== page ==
calledlth re bilould be distrs fothis nt's hend especially haful mr. speaker, this would be a disastrous bill to my people in new york. it would not expand health care as promised t would hip away -- rip away health care insurance from 24 million people, including 2.7 million in new york city, people who already have health care. and it will not make premiums more affordable as promised. it will, instead, raise premiums across this make. premiums in new york will go up an estimated 1,000 next year alone. and it cuts all federal funding for a year for planned parenthood clinics, which serves women in need across this country. and to make an already bad bill even worse, this bill cuts nearly $5 billion in funding for new york's hospitals that serve some of our most vulnerable people. voting for this bill is voting to cause sure and certain harm
to millions of americans. i urge a no vote. the eaker pro tempore: gentleman from massachusetts. mr. mcgovern: i yield one minute to the gentleman from texas, mr. doggett. the speaker pro tempore: the gentleman from texas is recognized for one minute. mr. doggett: a bill so bad it was kept under lock and key, hidden from democrats and republicans, who would not pledge of allegiance -- pledge allegiance to it. a bill so destructive no witness would come to defen or explain it in all night committee sessions. a bill jammed through this house logically you would expect this special rule to jam it through today. what is the stake here? it's not only the crumbling and destruction of health care, but it is a crumbling of our democratcy. -- democratcy. our republican colleagues need to remember this is washington,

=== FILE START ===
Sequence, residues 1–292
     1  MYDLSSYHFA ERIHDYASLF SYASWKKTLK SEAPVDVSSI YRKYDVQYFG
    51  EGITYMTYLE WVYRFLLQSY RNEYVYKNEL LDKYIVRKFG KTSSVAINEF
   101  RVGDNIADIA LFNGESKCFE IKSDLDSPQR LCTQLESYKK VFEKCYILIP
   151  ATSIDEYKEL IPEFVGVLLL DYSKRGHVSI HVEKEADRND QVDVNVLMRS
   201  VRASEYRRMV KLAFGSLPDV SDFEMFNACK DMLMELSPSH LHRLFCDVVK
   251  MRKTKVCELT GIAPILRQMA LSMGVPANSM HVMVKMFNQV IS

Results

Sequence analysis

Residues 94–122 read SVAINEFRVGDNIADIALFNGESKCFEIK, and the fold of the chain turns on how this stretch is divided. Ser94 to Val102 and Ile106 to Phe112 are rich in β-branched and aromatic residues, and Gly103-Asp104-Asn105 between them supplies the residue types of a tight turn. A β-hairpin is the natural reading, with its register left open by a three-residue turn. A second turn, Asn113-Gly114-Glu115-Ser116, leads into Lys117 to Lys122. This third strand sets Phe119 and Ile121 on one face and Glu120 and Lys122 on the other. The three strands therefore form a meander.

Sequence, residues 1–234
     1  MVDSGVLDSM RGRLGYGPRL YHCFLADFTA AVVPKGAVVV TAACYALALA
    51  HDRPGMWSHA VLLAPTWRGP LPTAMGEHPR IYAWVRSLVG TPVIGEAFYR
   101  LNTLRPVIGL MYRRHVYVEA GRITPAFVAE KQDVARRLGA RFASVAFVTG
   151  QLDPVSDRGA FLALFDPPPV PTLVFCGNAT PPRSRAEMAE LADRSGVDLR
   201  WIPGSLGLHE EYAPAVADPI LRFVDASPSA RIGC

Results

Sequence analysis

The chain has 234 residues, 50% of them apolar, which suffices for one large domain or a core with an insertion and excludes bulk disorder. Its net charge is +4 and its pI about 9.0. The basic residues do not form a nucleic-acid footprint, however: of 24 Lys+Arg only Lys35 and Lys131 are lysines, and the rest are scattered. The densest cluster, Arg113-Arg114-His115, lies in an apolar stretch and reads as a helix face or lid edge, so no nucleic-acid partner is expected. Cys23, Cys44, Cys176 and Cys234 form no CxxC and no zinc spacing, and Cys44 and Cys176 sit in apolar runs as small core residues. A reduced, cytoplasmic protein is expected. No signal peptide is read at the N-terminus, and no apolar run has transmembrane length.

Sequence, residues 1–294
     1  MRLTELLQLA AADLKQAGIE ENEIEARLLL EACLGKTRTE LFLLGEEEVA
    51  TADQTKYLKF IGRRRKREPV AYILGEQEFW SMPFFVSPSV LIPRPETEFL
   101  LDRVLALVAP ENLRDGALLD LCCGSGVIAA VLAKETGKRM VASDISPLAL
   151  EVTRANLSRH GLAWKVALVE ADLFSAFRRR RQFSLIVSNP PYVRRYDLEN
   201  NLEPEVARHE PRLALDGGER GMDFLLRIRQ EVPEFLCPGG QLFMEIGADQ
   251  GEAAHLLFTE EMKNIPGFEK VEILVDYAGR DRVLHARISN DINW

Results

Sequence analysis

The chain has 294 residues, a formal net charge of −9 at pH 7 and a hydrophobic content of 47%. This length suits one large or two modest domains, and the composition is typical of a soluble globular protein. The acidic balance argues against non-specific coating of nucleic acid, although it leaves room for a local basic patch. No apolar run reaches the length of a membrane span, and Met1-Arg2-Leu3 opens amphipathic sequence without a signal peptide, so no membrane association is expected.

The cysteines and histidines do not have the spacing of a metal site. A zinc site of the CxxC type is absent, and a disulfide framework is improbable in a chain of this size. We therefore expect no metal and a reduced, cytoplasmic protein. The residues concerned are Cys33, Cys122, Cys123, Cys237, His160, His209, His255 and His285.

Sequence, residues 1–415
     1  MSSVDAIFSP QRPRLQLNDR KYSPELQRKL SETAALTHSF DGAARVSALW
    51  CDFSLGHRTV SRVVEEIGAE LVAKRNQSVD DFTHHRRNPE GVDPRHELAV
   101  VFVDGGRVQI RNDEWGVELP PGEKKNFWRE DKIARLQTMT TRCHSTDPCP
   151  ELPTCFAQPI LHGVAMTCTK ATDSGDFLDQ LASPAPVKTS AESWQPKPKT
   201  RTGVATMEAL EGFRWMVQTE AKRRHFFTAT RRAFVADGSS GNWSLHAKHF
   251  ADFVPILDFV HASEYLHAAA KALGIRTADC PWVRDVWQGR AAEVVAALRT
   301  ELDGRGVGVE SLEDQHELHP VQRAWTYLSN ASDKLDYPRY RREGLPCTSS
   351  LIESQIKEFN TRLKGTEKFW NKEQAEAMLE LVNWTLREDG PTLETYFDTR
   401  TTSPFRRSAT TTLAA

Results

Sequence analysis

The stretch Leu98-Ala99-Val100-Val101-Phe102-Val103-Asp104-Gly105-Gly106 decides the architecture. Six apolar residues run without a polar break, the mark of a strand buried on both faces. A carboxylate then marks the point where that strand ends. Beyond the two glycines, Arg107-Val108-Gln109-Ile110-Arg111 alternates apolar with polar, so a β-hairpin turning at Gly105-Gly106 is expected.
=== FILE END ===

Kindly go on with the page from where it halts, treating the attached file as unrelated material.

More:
not moscow. this is a congress, not the duma. we deserve a fair consideration of this bill. open to discussion because of its impact on millions of americans who will lose their access to a family physician. these heavy-handed tactics reflect the fear of the american public getting an opportunity to look thoroughly at this bill and understand what it does to each family affected. i urge rejection of the rule. the speaker pro tempore: the gentleman from texas reserves. the gentleman from massachusetts. the chair reminds both sides the majority side has three minutes remaining. the minority side has 3 1/2 minutes remaining. mr. mcgovern: mr. speaker, i yield one minute to the gentleman from georgia, mr. johnson. the speaker pro tempore: the gentleman from georgia is recognized for one minute. mr. johnson: thank you, mr. speaker. today the republicans are doing something that goes against